Tonna's first publications were untitled religious tracts espousing her ultra-conservative Protestant views, which she began producing in the early 1820s. In 1824 she published her first novel, Derry: A Tale of Revolution in 1688, which was followed by a second novel, Combination in 1832, and a travel narrative, Letters from Ireland, 1837 in 1838. Her most important work was the novel Helen Fleetwood, a fictional account of a family destroyed by industrialization, based on the conditions of factory life that had been revealed in various parliamentary reports. Tonna was particularly sensitive to the hardships endured by women and children in mills and factories, and her novel was intended to inspire not only protective legislation on their behalf, but also private philanthropy to alleviate their suffering. Her 1844 novel The Wrongs of Woman specifically addressed the abuses women and children endured in the garment industry. Its four sections—“Milliners and Dressmakers,” “The Forsaken Home,” “The Little Pin Headers,” and “The Lace Runners”—had originally been published separately in The Christian Lady's Magazine. Tonna's most important nonfiction work was The Perils of the Nation: An Appeal to the Legislature, the Clergy, and the Higher and Middle Classes (1843), a well-researched report on abusive factory conditions commissioned by the Christian Influence Society in an effort to promote corrective legislation.
In addition to her writing, Tonna served successfully as editor of The Christian Lady's Magazine (1843-46); of The Protestant Magazine (1841-45); and of The Protestant Annual (1841-46). She made substantial contributions to all three periodicals, producing essays, short stories, and serialized novels under the pen names “The Watchman” and “Charlotte Elizabeth.”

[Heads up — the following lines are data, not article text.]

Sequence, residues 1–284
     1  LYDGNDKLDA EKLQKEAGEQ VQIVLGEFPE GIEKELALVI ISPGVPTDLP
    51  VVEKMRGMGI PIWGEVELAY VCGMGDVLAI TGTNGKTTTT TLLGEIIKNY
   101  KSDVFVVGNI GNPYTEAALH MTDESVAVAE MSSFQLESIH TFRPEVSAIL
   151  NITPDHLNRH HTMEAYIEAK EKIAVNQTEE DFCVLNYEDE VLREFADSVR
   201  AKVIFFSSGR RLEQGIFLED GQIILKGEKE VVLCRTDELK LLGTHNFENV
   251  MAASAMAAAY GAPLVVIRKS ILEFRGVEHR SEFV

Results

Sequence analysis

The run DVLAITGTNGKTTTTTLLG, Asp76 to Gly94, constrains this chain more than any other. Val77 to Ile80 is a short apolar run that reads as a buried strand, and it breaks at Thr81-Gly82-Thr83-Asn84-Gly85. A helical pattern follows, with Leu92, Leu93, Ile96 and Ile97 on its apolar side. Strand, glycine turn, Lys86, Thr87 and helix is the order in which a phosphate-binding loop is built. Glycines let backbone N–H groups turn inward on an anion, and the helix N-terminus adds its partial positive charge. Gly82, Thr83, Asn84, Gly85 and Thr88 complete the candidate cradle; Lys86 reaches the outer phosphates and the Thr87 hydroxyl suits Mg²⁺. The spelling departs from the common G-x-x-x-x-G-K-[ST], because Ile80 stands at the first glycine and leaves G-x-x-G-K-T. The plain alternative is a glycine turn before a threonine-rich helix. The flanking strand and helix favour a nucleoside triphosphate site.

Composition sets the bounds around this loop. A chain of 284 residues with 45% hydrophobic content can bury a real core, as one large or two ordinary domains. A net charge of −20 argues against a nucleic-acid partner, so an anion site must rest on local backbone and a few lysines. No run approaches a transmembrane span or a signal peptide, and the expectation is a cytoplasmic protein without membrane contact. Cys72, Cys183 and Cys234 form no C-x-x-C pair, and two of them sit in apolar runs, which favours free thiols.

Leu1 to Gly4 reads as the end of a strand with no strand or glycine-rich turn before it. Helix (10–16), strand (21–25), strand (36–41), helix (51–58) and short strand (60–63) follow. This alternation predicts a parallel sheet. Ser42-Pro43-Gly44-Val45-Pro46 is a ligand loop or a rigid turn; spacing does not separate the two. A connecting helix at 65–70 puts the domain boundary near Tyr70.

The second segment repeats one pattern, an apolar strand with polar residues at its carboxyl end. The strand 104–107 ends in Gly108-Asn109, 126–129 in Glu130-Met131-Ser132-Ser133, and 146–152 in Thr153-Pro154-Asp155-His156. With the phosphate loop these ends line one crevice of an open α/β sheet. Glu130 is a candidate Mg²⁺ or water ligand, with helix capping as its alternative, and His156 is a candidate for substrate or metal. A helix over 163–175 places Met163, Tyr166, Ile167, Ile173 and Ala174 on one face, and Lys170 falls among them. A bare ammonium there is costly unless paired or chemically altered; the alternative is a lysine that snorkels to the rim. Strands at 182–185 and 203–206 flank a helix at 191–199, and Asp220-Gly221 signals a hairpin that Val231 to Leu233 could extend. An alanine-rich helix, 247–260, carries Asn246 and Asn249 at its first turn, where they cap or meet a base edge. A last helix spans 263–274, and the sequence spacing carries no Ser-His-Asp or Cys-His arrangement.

Though Tonna was a prolific and popular writer during her lifetime, her work has been largely ignored until the late twentieth century. Her religious tracts were controversial even in her own time because of the narrowness of her views and the extreme bias she displayed against Catholicism. Even her fellow-Evangelicals were forced to distance themselves from the extremism revealed in her writing. Her reputation as a major contributor to the social problem novel, though, remains considerable even today. Ivanka Kovačević and S. B. Kanner compare Tonna to other nineteenth-century authors writing within the genre, claiming that she was able to avoid the apparent acceptance of the evils of industrialism exhibited by Hannah More and Harriet Martineau, as well as the sentimentalism and melodrama associated with Charles Dickens and Elizabeth Gaskell. Tonna was “a superb propagandist,” according to Kovačević and Kanner, and she was genuinely motivated by the suffering of the women and children she depicted in her stories. Monica Correa Fryckstedt has examined Tonna's work as the editor of The Christian Lady's Magazine from 1834 to 1846, and praises her talents as a journalist. The magazine's success, according to Fryckstedt, was the direct result of Tonna's numerous personal contributions in the form of editorials, book reviews, serialized fiction, and autobiographical essays. Deborah Kaplan maintains that Tonna's most important contribution to the history of English literature was her representation of working-class women to the middle and upper classes. She was able, according to Kaplan, to translate the dry facts of parliamentary reports—a largely male discourse—into fictional accounts that were far more accessible to her female readers. As a result, “her industrial fictions show these readers that women whom they assumed to be different, unfamiliar, ‘other’ are, in fact, like themselves.”